I perfectly understand that LEOs must be very careful because they have to deal with a lot of idiots that are only waiting for a chance to shoot, but I believe that what he did was not right. He already had taken your weapon, then why were you put in handcuffs?
I do not like to make problems for anyone, and above all I do not like to make problems for people whose jobs are to make the streets safe, but in this case I should call his superior's and report him.
 

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While you make some fairly good points, look at it from the LEO's perspective.
The LEO's "perspective" is utterly irrelevant. The only thing that's relevant is the law.

1) He has to know as many laws and about as much about the law as a lawyer. Problem is, he has to make split second decisions based upon that knowledge, and does not have the luxury of a law library and plenty of time.
EVERYBODY has to know the law. If you violate it, not knowing it isn't an excuse.

It's the LEO's JOB to know the law. The idea that he has LESS of a duty to know the law than any citizen is simply absurd.

If there are "too many" laws for the cop to know, there are too many for YOU to know. Think that cop or any court would buy that excuse? I didn't think so.
 

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The LEO's "perspective" is utterly irrelevant. The only thing that's relevant is the law.


EVERYBODY has to know the law. If you violate it, not knowing it isn't an excuse.

It's the LEO's JOB to know the law. The idea that he has LESS of a duty to know the law than any citizen is simply absurd.

If there are "too many" laws for the cop to know, there are too many for YOU to know. Think that cop or any court would buy that excuse? I didn't think so.
As I said, YMMV.

The idea that he has LESS of a duty to know the law than any citizen is simply absurd.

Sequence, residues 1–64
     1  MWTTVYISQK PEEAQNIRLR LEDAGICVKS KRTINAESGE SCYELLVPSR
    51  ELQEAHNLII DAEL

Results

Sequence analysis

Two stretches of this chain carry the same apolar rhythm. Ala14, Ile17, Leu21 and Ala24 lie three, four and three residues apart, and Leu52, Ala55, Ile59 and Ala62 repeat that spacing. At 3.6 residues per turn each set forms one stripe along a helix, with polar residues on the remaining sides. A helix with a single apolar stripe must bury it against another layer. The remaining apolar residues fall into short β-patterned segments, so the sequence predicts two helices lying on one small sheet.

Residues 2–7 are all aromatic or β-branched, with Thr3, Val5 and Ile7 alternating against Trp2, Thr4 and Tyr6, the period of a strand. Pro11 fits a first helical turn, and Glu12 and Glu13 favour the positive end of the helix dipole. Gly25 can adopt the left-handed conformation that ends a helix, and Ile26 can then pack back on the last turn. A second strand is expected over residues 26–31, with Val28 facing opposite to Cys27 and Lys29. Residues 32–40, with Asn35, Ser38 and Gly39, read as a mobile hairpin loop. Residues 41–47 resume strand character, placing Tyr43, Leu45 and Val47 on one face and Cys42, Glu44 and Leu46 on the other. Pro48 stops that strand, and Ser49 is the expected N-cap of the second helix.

Don't know where the above statement was found in my post.

What's really relevant at the scene is the LEO's perspective and his interpretation of the law. The foregoing might not be relevant in a court of law, but is sure is at the scene. Again, my opinion.

... If there are "too many" laws for the cop to know,...
That was found where in my post?
 

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That was found where in my post?
I think he was referring to the following quote...
1) He has to know as many laws and about as much about the law as a lawyer. Problem is, he has to make split second decisions based upon that knowledge, and does not have the luxury of a law library and plenty of time.
5) If you ("you" being used collectively) don't want to be inconvenienced, don't break the law.
TC didn't break the law (with the exception of possibly speeding) and he was inconvenienced. I just think taking his weapon(s) was enough to ensure the officer's safety. Obviously the TC was very cooperative.
 

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I was stopped a couple of months back on 95 in SC by a State Trooper. He asked me if i had any weapons in the vehicle and I informed him that I had an unloaded shotgun behind my seat, he asked me to step out of the vehicle and stand by the front of his cruiser. I complied he removed the shotgun and ran the serial number. After he finished he placed the shotgun back into the truck and gave me my ticket (speeding 82 in 70:hand1:) and told me to have a good day.

I felt a little out of place standing in front of the car but he wasn’t rude.
 

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What's really relevant at the scene is the LEO's perspective and his interpretation of the law.
His "interpretation" must be a REASONABLE one based on a facial reading of the text of the law. If he doesn't bother to KNOW the law, that's simply impossible.

He needs to know the law he's ENFORCING, RIGHT NOW or he needs to find another job.

The foregoing might not be relevant in a court of law, but is sure is at the scene. Again, my opinion.
Actually, it's VERY relevant in a court of law, particularly a civil court, if the cop, having decided that he doesn't need to know the law, commits a crime or civil tort against a citizen, based on that willful ignorance.

EVERYBODY needs to know relevant law. Not knowing or not wanting to know, is NEVER an excuse, for cop or citizen. Nobody should expect "breaks" when they adopt the attitude that they don't need to know the law.